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Finite Element Analysis: Track 1

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Formula 1 is the ultimate motor sport. It demands the highest level of skill from both drivers and the engineers behind the cars. So what are the secrets of good car design? How are Formula One cars engineered for maximum performance? This album takes a behind the scenes look at Red Bull Racing, a front-runner on the F1 grid. Using thrilling archive and expert testimony, the tracks explore how the techniques of Finite Element Analysis are used to optimize the performance of different elements of a Formula One racing car. The album is presented by Lara Mynors and features extensive contributions from Lewis Butler, Red Bull's senior structural analyst and Dr Ray Martin of the OU. The material is forms part of The Open University course T884 An introduction to Finite Element Analysis.

By: The OpenLearn team (The Open University,)

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Track 1: Finite element analysis in Formula 1

A short introduction to this album.


© The Open University 2009


Tracks in this podcast:

Track   Title Description
1 Finite element analysis in Formula 1    A short introduction to this album. Play now Finite element analysis in Formula 1
2 This is Formula 1!    How final element analysis is used to get maximum performance out of Formula 1 cars, focussing on two components: the wheel hub and the 'tub'. Play now This is Formula 1!
3 Component function    The first step in final element analysis is to understand precisely what a component does and how it interacts with other elements. Lewis Butler from Red Bull Racing reveals the role of the hub in F1 car design. Play now Component function
4 Analysing stresses and strains    The second step is to analyse the stresses and strains that the component will be subject to. Lewis Butler from Red Bull and Ray Martin from the OU explain how the hub has to be able to cope with massive external loads. Play now Analysing stresses and strains
5 Boundary conditions    The third step is to consider the wheel hub's boundary conditions and how these interact with the external stresses on the wheel hub. Play now Boundary conditions
6 Creating a solid model    Step 4 is to create a solid CAD model of the hub. This is a complex process which involves a series of assumptions and simplifications which need to be taken into account to get a true picture of the hub's behaviour. Play now Creating a solid model
7 Creating a mesh model    Step 5 is to create a mesh model of the hub, with 72 000 elements. The mesh density is at its greatest in areas of particular interest. Play now Creating a mesh model
8 Solving a mesh model    Step 6 is to input the various stresses and loads that the hub will have to cope with, and use a computer programme to solve the model. Today this can be done quickly and reliably though it still needs a lot of interpretation by the engineers and designers. Play now Solving a mesh model
9 The benefits of FEA    The final step is to put the lessons learned through FEA and use them to manufacture new improved components which increase your chance of success. Play now The benefits of FEA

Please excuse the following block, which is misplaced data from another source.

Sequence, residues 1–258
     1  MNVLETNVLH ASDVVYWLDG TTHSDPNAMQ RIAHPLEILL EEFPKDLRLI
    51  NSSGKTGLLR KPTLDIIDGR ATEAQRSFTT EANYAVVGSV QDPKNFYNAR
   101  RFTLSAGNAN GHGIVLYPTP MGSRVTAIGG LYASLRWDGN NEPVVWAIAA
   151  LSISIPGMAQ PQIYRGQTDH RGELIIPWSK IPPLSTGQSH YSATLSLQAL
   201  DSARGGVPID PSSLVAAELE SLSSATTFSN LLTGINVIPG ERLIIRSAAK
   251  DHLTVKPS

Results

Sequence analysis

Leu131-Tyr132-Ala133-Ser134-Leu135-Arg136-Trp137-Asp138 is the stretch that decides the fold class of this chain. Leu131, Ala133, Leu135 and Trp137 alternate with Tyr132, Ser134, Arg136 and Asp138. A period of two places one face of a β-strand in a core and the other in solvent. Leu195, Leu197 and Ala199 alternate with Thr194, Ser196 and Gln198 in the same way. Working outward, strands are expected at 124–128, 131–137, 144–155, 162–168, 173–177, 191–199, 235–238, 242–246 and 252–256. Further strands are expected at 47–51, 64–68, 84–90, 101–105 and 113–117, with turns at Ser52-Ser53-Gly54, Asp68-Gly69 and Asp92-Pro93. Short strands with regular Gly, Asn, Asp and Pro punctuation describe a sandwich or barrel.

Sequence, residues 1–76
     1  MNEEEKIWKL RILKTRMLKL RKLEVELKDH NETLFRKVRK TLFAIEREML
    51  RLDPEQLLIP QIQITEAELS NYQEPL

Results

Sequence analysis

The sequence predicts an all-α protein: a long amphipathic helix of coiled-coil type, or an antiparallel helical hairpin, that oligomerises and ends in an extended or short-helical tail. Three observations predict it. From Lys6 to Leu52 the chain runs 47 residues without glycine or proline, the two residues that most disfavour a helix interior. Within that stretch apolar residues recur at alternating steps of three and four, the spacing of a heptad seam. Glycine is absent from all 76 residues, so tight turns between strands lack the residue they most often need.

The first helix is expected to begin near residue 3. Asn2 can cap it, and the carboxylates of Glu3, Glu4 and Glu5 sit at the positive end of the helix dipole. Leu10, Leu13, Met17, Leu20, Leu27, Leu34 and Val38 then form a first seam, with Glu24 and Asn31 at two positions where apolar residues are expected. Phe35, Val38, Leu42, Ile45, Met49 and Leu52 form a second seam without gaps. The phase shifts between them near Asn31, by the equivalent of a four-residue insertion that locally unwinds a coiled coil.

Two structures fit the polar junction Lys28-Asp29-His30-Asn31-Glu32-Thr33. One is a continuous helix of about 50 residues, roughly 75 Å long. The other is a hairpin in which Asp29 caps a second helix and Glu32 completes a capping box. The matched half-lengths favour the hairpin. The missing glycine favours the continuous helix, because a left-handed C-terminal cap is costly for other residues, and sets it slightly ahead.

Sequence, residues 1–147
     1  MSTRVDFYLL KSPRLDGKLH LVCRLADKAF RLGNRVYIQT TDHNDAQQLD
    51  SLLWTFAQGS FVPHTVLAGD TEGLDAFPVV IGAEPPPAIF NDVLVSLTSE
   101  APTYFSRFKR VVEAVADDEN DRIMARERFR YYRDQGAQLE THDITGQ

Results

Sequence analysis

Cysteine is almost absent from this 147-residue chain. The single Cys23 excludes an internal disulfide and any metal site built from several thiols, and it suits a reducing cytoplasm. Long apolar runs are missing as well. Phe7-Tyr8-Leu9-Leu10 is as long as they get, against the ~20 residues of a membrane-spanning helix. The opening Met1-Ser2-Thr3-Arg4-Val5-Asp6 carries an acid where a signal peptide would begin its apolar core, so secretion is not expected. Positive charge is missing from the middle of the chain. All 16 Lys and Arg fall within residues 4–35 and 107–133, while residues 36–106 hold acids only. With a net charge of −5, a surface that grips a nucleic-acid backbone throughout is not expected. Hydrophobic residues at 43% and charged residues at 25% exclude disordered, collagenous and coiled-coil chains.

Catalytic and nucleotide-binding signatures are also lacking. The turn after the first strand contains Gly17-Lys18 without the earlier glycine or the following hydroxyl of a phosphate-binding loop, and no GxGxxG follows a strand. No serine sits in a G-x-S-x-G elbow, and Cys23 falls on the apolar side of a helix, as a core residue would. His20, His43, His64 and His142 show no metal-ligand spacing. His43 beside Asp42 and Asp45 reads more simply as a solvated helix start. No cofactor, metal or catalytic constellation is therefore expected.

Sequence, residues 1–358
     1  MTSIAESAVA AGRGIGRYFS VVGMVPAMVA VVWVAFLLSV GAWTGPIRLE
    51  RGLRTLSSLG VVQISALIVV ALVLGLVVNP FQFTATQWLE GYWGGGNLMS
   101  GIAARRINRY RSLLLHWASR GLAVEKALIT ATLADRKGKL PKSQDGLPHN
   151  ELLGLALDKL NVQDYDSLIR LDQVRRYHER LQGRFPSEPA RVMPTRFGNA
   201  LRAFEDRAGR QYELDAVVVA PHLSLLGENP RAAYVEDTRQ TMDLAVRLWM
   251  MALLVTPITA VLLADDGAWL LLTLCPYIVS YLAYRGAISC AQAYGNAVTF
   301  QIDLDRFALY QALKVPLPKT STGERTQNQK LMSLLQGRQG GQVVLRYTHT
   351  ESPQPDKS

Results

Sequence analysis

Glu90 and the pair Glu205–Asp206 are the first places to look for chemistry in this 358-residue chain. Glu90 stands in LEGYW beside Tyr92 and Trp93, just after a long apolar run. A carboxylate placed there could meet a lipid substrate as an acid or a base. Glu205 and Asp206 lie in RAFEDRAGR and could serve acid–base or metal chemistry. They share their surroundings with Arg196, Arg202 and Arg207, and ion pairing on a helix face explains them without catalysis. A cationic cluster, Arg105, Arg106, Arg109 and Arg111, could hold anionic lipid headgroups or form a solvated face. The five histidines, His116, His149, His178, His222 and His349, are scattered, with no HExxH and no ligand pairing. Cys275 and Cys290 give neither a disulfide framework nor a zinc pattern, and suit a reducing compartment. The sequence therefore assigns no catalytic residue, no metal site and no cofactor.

10 Improving the chassis    The same FEA process that was used to redesign a car's hub can also be used to improve its 'tub', otherwise known as its chassis. Play now Improving the chassis
11 Functions of the 'tub'    The tub, or chassis, is the largest component of a car. It cocoons the driver and all the major components, from the engine to the car's suspension, are mounted in the tub. Play now Functions of the 'tub'
12 Stiffer means faster    The stiffer the tub, the more responsive and better performing the car. A torsion test can be used to ------ and then improve the tub's characteristics. Play now Stiffer means faster
13 Boundary conditions for the tub    The engine and the other components attached to the tub set relatively straightforward boundary conditions. Play now Boundary conditions for the tub
14 Modelling the tub    Lewis Butler from Red Bull Racing explains how the design and the construction of the tub makes for a very complicated computer model. Play now Modelling the tub
15 Solving the mesh model    Lewis Butler explains why and how he builds a model of half of the tub. Because of its complexity, much time and computing power is needed to solve the model. Play now Solving the mesh model
16 Analysing the results    Lewis Butler analyses the data generated by solving the model. Having to have a hole for the driver to sit in has a big impact on the how stiff the tub can be. Play now Analysing the results
17 Testing CAD against reality    In order to be confident about the results of computer simulations, Red Bull compares them with practical investigations. They are disappointed if the results are more than 5% apart from computer predictions. Play now Testing CAD against reality
18 Take a sceptical view    The results of CAD should be treated sceptically and require a lot of interpretation and real world comparison. Ultimately the engineer's experience and judgement are more important than information generated via computer models. Play now Take a sceptical view

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